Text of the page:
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The West's Worsening Infernos as Seen From Space

Extreme conditions exacerbated by climate change are begetting extreme fire behavior visible to satellites orbiting far overhead.

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By Tom Yulsman
Jul 15, 2021 12:00 AMJul 14, 2021 11:57 PM
Oregon's Bootleg Fire
Oregon's Bootleg Fire, as seen by the GOES-17 weather satellite on July 12, 2021. (Credit: CIRA/RAMMB/SLIDER)


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As the Western United States continues to bake and burn, satellites are capturing dramatic imagery of large infernos that so far have incinerated more than a million acres.

Under extreme conditions on July 13th, the largest of the blazes, Oregon's Bootleg Fire, grew to more than 200,000 acres. That's equivalent to the land area of New York City. As I'm writing this on July 14th, the blaze has grown by another 12,000 acres, thanks to hot, dry and breezy conditions.

The Bootleg blaze is seen in the image above, which is itself a screenshot taken from this video:

Visible and infrared image data, acquired by the GOES-17 satellite on July 12, 2021, are used in the animation to show areas of active burning and smoke. As you watch it, look for white puffs erupting out of the thick gray plumes. These are gigantic fire clouds, known scientifically as "pyrocumulus."

Here's another animation of GOES-17 imagery, acquired today, showing fire clouds erupting from the Bootleg and other fires:

The Bootleg blaze is toward the upper center of the frame. Once again, look for white puffs that explode out of the smoke.

Pyrocumulus clouds form as intense heat sends large amounts of water vapor erupting upward in soaring updrafts. As the rising water vapor cools, it condenses into water droplets around little particles. With so much smoke and ash present, there are lots of these condensation nucleii available to help spur on the process.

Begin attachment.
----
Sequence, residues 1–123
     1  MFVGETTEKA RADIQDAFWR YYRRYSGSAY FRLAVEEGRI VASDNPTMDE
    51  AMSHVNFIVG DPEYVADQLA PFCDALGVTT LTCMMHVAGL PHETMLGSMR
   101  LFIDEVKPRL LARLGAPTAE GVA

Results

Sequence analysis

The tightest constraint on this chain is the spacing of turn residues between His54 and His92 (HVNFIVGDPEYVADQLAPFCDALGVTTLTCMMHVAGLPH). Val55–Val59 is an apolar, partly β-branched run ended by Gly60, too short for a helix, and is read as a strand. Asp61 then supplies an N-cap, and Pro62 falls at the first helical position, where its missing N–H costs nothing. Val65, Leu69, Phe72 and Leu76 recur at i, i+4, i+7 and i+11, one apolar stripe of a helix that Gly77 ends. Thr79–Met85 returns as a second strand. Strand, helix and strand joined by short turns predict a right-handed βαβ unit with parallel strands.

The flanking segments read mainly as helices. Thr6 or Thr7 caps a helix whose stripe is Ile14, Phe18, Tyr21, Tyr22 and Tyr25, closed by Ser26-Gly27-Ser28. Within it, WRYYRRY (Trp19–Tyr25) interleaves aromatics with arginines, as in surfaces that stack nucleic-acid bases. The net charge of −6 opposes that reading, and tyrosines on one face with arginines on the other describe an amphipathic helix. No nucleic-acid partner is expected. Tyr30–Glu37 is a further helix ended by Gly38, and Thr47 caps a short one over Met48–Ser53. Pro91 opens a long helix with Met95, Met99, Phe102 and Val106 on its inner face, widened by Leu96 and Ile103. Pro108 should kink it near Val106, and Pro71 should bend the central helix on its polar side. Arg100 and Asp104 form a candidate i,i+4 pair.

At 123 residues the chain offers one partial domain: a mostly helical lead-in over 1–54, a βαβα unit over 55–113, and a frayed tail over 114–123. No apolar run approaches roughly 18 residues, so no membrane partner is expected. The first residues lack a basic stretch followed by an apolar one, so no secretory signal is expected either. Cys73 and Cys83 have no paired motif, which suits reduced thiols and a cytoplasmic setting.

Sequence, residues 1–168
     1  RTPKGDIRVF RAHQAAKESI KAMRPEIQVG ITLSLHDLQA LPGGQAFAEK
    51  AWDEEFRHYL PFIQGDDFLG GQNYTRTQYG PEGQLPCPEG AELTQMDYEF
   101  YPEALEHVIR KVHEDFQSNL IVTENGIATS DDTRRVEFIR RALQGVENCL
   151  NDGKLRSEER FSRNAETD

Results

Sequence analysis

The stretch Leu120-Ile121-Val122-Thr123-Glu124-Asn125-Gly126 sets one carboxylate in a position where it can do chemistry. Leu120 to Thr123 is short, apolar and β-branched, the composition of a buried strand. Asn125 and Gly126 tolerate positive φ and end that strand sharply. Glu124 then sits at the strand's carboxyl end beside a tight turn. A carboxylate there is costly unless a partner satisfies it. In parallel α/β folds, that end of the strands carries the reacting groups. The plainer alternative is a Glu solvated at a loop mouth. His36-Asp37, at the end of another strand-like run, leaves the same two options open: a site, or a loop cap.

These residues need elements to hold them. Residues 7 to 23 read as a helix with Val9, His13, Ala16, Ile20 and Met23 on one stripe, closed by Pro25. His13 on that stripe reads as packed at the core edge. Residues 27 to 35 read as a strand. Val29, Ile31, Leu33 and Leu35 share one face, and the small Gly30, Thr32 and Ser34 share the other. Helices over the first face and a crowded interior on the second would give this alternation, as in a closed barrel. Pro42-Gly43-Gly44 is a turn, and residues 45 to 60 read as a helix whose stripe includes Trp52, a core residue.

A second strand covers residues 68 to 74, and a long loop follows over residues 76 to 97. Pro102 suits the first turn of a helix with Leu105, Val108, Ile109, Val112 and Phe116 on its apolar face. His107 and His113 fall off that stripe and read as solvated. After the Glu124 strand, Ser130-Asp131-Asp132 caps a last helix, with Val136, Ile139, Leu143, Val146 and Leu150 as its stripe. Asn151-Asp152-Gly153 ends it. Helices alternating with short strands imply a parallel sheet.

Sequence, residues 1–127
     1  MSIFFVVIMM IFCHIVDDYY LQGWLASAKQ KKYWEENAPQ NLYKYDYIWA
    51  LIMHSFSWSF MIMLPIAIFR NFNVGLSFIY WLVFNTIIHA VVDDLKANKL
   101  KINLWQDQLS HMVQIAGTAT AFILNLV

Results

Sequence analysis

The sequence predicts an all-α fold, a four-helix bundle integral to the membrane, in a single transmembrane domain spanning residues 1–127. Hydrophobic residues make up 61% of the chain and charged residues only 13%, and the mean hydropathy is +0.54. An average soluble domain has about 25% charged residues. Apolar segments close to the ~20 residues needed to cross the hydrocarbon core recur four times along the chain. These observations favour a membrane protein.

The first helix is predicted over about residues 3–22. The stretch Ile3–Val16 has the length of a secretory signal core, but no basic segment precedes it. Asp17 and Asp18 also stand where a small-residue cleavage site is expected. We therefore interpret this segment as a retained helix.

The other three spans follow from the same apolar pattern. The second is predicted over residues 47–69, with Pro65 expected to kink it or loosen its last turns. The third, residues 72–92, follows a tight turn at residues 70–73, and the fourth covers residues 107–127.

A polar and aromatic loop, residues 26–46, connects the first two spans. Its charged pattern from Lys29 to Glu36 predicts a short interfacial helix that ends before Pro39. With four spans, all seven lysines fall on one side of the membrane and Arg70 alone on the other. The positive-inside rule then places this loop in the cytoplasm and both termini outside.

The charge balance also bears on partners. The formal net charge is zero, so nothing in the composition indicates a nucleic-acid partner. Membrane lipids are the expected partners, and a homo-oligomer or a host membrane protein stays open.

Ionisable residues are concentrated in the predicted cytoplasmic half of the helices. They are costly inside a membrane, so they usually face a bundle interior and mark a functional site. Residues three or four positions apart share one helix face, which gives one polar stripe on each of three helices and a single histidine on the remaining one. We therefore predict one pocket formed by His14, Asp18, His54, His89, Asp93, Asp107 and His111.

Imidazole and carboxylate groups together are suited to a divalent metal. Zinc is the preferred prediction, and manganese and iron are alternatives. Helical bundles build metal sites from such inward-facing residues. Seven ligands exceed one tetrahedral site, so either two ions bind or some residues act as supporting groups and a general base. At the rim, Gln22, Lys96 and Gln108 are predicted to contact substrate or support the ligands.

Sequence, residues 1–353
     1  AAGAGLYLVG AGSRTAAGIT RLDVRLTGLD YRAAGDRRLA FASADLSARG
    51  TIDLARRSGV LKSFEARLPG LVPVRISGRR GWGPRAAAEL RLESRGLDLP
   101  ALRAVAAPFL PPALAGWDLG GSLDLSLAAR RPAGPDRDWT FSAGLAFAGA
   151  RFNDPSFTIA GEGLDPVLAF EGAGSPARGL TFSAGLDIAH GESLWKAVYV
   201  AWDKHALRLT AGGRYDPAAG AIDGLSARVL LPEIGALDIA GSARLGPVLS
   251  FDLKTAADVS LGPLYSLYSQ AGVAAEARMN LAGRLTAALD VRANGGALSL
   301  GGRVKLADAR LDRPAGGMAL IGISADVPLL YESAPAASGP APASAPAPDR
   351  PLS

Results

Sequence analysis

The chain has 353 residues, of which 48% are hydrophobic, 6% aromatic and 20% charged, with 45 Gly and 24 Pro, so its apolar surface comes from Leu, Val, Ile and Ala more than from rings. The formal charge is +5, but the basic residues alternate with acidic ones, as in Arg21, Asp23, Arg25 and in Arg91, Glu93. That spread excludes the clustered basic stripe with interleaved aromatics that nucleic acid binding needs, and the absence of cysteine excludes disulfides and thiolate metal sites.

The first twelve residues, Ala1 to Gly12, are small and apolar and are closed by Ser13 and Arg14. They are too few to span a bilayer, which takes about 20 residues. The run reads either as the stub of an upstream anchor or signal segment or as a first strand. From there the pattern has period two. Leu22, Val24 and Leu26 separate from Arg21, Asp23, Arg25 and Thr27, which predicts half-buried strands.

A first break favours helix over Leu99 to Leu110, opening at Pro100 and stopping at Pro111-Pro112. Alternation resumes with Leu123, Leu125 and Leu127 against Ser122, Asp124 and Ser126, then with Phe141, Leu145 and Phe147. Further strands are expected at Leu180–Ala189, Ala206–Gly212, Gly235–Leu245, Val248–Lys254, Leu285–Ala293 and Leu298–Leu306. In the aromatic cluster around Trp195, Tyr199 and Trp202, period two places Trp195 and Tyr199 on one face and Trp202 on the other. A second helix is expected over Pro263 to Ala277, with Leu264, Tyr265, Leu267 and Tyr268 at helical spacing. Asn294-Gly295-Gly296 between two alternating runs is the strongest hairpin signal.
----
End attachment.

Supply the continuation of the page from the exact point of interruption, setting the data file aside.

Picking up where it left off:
The upshot: Enormous amounts of smoke and moisture boil up into towering clouds that can punch through the lower atmosphere into the stratosphere, all the way up to heights exceeding 30,000 feet.

Clouds of smoke and condensing water vapor billow upward from flames burning on a ridge on July 7, 2021, part of Oregon's Bootleg Fire. (Credit: InciWeb)

You can get a sense of how it all gets started from this image of the Bootleg fire taken on July 7th.

When there is enough heat and moisture available, pyrocumulus clouds can boil up so vigorously that they crackle with lightning and boom with thunder. These fire thunderstorms are known as "pyrocumulonimbus," or "pyroCb" for short.

As NASA puts it, "pyrocumulonimbus is the fire-breathing dragon of clouds." And not just because of the firey origins of the phenomenon, but also because of the lighting hurled toward the ground by these storms, which can ignite new fires.

Impact of Climate Change

Many studies have shown that climate change has led to increases in the length of the wildfire season, the frequency of fires, and the amount of land burned. These trends are linked to warmer springs, longer summer dry seasons, and drier soils and vegetation.